Where do you think the entertainment industry is in terms of representation? Where would you like it to be?
I’ve never been on a set where there’s been an equal number of poc to white people. It’s usually predominantly men. When I walk into the room, according to the number of people of color, I am confronted with whether I am supposed to be the voice for all minority ethnic groups. I’ve noticed this trend in the past two years of people calling in diversity consultants or assistant writers to help white people write stories about people of color. That’s not the solution. It really doesn’t cut it. People of color should be the ones telling stories about people of color. But because we live in a country that puts prestige on degrees and education, there are so many hurdles for people of color to jump through to get the same place of consideration and respect as white people. In musical theater specifically, the application fees to even get your video considered for round one is ridiculous. It has to start from early on for people to grow and become the producers that hire the show runners, who hire people who ensure there’s more representation.
We’d love to hear more about your journey as an actor… Do you remember when you realized first wanted to be an actor?
I recently found this photo while my family and I were organizing the house during this pandemic area. It’s of me front and center stage at Nazareth Montessori Nursery School. In the photo my mouth is wide open, mid-lyric. My mom said that was the first time that she realized this was the path that I was going to take. I started taking private voice lessons and my parents bought me this massive boombox karaoke machine that came with about twelve CDs, twelve tracks each. So I’m like six singing Beach Boys classics. Then I remember coming across a Whitney Houston song that literally changed me. I felt like that’s what I wanted to do, spread joy and belt my face off like Whitney.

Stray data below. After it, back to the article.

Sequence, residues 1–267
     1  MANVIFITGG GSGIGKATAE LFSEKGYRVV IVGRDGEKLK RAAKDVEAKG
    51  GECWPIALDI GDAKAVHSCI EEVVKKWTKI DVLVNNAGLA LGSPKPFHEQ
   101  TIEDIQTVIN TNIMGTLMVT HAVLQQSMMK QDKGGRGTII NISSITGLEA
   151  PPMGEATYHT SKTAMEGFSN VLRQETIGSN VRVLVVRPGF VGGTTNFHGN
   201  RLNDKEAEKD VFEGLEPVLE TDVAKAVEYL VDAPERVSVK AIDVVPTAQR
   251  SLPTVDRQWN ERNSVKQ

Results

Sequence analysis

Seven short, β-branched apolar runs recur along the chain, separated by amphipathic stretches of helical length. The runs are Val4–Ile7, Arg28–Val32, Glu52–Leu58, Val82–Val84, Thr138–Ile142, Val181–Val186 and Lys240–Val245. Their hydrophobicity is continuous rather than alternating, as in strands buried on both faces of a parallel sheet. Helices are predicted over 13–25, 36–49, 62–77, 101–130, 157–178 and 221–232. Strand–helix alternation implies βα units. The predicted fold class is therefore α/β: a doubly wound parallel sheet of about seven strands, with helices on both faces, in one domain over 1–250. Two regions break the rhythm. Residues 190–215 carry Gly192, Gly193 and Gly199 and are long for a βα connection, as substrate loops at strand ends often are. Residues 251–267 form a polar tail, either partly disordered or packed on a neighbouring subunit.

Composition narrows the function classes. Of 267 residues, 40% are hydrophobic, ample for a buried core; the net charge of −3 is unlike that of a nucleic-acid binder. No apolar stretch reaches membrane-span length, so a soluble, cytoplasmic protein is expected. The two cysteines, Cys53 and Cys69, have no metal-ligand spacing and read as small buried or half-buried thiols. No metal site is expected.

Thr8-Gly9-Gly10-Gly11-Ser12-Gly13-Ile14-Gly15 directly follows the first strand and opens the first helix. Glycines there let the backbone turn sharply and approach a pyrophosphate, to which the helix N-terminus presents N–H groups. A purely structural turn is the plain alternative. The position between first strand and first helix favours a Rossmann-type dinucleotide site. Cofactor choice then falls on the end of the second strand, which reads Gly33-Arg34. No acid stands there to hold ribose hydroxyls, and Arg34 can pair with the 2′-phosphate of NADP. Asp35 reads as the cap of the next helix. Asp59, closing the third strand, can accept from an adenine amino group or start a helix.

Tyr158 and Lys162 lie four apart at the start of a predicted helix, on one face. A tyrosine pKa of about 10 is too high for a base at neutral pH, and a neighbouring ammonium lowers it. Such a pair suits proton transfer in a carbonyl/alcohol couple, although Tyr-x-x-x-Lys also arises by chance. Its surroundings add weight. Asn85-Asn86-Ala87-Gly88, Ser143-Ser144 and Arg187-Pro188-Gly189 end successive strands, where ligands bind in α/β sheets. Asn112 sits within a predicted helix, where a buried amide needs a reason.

What do you hope the audience/ viewer takes away from your work? And also alongside that, who are you doing this work for?
Recently I’ve been reflecting on why I’m an actor and I find that theater, film, television and music is what moves people’s hearts and changes perspectives. We really do need profound change in law, in equity and reparations. But that’s not my lane. I think my role is to change hearts and minds, so people can acknowledge injustices that have happened to Indigenous and Black people in our country. When people see my work, I want them to examine if they have expectations of the character and where those expectations come from. I want to tell marginalized stories, especially of our dark-skinned Black brothers and sisters, who are still facing more hurdles than I am. I want a little girl in fourth grade to not feel like her skin color is a problem, to feel supported. Our job is to provide nuanced perspectives so people understand there isn’t one story that represents people of color, there are many. I want to encourage empathy so others feel inspired to take action in their own lanes.
What’re some themes that come up frequently in your work?